Timeshare Facts You Should Know

Timeshares – also known as vacation ownership – are a growing industry that’s becoming increasingly popular. While they can be a good way to save money on annual travel, there are also some things you should know about them before you decide to buy one.

Unlike owning real estate, timeshares aren’t something that you purchase on your own; you buy into a shared-ownership plan with other owners. This means you can’t resell your unit or change the terms of the agreement without approval from other owners.

Most people don’t realize that timeshares can be complicated, and they often buy into them without really knowing all the ins and outs. The following are some of the most important timeshare facts to know:

You Own a Part of a Resort Property

A fee-simple timeshare is a deeded interest in a condo, apartment or other vacation property that is owned in a fractional basis, with each owner receiving a 1/52nd ownership in the property along with 50 other owners who share their ‘timeshare week’ with them. This is a common type of ownership, and the World Tourism Organization estimates that 90 percent of the resorts in the United States use some form of this kind of system.

The key to understanding this type of ownership is that each individual timeshare owner has a ‘right’ to a ‘week’ at the resort, but the actual time spent on vacation varies from owner to owner. This type of ownership isn’t for everyone, as it can be expensive and can sometimes be difficult to book.

There are different types of timeshares to choose from, based on what you’re looking for in your vacation destination and your travel style. There are floating week timeshares, fixed-week timeshares, and timeshare resales.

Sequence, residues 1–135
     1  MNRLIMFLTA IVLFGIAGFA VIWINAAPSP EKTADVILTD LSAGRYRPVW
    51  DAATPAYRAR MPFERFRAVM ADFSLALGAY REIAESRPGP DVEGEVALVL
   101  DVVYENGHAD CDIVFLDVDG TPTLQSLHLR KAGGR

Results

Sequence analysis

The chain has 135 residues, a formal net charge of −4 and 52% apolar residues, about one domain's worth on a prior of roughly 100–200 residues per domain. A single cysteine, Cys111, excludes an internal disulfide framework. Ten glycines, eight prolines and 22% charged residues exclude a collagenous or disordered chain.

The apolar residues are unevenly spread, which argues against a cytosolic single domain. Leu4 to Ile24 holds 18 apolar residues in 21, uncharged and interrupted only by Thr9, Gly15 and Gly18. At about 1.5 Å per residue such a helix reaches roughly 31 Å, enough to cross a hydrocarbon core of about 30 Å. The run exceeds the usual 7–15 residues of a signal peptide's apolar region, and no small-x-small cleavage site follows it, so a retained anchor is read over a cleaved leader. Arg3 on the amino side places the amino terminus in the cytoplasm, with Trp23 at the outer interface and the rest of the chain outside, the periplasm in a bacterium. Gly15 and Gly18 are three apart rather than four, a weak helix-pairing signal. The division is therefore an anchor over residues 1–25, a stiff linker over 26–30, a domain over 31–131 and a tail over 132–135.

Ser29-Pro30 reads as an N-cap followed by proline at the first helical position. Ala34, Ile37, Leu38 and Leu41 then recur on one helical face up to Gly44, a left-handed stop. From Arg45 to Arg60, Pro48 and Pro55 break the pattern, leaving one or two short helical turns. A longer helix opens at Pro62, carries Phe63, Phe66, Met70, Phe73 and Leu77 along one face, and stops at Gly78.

Fixed-Week Timeshares – These are the most common timeshare ownership, and they come with set dates when you can use your ownership week at the resort. Some of these are for certain times of year (like high-season or low season), while others can be used one week per year at any time.

Some timeshares have a lifetime agreement and will be passed down to family members. This can put your heirs in financial trouble because they won’t be able to sell their units or pay yearly maintenance fees, and will be stuck with the burden of owning a timeshare for life.

The downside to this type of ownership is that the owner can’t change the date or location of their timeshare, and they can’t sell it for a higher price than what they paid. This can become costly if the developer decides to raise the yearly maintenance fees or if you need to relocate for work or medical reasons.

It’s also worth noting that many developers don’t want their timeshare units sold for a lower price when they’re inherited, because it would mean they wouldn’t be able to collect those yearly maintenance fees or pay the mortgage on their property.

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